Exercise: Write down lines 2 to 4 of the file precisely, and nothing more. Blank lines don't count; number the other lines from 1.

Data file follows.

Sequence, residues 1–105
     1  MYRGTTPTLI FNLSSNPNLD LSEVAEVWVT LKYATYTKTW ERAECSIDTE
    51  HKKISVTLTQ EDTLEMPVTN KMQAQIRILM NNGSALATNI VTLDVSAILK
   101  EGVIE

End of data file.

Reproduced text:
     1  MYRGTTPTLI FNLSSNPNLD LSEVAEVWVT LKYATYTKTW ERAECSIDTE
    51  HKKISVTLTQ EDTLEMPVTN KMQAQIRILM NNGSALATNI VTLDVSAILK
   101  EGVIE